browser extension updated to say "No issues here"

Since occurrence disappeared, the problem was successfully fixed. The change can now be made in the content management system so that our fix appears for all of our users.

The preceding screenshot also shows that the heading “Sub-section A” got bigger. This makes sense because an <h3> is supposed to be bigger than an <h4>.

Usability features in DevTools

If your first experimental fix doesn’t make the occurrence disappear, you might need to do more experiments. DevTools has features that will make such experiments easier. These vary by browser, but in general it’s almost as easy to edit a web page in DevTools as it is to edit a text file in Notepad. Try pressing Ctrl-Z or Command+Z to undo your latest change, or reload the page (usually Ctrl+R or Command+R) to effectively “undo all” of your changes. Try right-clicking, and you’ll likely see a menu with functions such as Cut, Copy, and Delete. Double-click on any text to edit it or, if double-clicking doesn’t do what you want, right-click and choose “Edit as HTML”. 

Discrepancies with the platform

The Siteimprove browser extension doesn’t report all accessibility rules equally. You might find that an error is flagged by the Siteimprove platform for a certain page, and the browser extension says nothing about it. This can be confusing. The reason for the discrepancy is often that the issue was first flagged as a “potential issue” in the platform, rather than an “issue.” Potential issues have guided reviews, and guided reviews are only implemented in the platform – not the browser extension.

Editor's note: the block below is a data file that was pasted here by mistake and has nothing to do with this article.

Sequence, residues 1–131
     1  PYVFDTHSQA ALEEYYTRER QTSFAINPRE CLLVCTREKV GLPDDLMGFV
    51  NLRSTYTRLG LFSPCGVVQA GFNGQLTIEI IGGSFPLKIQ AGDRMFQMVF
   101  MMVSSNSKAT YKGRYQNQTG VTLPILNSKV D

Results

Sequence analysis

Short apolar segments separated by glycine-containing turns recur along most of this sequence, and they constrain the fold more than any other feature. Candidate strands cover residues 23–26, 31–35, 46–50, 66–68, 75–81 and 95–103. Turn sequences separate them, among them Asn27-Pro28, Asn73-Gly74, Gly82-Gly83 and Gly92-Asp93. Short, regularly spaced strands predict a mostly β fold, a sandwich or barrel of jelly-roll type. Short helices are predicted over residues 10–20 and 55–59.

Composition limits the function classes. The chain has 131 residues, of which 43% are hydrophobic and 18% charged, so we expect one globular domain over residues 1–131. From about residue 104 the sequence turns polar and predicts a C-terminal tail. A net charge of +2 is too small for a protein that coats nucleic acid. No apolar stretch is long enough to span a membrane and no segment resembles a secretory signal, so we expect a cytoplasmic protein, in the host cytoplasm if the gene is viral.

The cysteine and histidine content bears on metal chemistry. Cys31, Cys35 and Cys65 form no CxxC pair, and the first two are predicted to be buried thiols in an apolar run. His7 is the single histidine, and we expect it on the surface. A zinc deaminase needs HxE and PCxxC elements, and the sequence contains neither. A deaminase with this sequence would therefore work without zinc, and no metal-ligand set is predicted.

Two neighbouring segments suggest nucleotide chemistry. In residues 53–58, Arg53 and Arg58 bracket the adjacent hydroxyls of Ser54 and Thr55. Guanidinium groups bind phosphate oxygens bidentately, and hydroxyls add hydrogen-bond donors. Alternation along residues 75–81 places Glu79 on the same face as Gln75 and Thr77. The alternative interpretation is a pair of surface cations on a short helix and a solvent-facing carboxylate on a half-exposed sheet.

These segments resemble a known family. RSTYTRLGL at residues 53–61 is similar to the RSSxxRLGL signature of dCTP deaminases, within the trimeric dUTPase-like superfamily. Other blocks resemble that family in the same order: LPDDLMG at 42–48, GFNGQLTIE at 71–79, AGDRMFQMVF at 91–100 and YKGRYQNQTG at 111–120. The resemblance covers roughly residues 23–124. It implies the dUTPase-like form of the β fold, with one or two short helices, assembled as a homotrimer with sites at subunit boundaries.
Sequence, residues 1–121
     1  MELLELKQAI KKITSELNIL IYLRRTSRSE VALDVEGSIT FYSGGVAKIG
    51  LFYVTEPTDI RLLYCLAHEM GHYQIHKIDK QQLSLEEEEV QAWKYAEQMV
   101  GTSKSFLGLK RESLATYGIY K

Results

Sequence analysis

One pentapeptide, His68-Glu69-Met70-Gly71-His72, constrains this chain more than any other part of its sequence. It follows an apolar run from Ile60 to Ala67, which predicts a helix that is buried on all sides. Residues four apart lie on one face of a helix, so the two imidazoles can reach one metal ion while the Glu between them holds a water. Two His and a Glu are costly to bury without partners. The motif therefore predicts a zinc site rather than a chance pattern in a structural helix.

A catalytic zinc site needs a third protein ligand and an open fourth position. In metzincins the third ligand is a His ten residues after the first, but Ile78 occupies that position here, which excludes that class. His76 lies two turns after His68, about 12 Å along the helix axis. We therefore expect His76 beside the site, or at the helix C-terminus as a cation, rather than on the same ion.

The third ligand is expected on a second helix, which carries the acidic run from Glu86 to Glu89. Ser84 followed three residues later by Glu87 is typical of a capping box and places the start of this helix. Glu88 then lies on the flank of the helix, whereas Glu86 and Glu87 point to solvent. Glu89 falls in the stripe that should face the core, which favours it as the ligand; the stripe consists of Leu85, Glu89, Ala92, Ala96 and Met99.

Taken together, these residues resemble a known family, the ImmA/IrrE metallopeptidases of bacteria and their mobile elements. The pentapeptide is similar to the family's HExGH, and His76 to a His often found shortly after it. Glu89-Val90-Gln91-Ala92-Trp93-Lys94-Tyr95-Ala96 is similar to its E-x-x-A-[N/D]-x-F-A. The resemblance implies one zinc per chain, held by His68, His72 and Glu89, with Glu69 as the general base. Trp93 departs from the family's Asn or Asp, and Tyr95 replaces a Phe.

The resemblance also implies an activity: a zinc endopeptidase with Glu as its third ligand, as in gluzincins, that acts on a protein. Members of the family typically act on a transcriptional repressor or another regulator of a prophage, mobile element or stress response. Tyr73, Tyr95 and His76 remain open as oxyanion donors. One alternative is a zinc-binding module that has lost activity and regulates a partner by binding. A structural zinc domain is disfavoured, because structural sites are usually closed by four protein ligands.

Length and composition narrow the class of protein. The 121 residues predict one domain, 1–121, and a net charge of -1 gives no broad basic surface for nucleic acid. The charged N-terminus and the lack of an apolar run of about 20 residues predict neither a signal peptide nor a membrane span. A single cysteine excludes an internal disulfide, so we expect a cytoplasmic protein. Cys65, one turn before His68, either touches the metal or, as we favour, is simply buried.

For the accessibility rules that sometimes present you with a guided review, you may or may not see the error flagged by the browser extension. These rules include the color contrast rules, “Skip to main content link is missing,” “Links in the same context with the same text alternative,” and others. 

For the accessibility rules which never present you with a guided review, the browser extension will report all of the same errors that the platform reports. These rules include “Visible label and accessible name do not match,” “Container element is empty,” “Element IDs are not unique,” “Headings are not structured,” and more.

Another common reason for discrepancies between the Siteimprove platform and the browser extension is your site’s specific crawler configuration


The combination of the browser extension and browser DevTools enables an efficient workflow for fixing accessibility errors. Whether you use it in conjunction with the Siteimprove platform or on its own, it can save you a lot of time.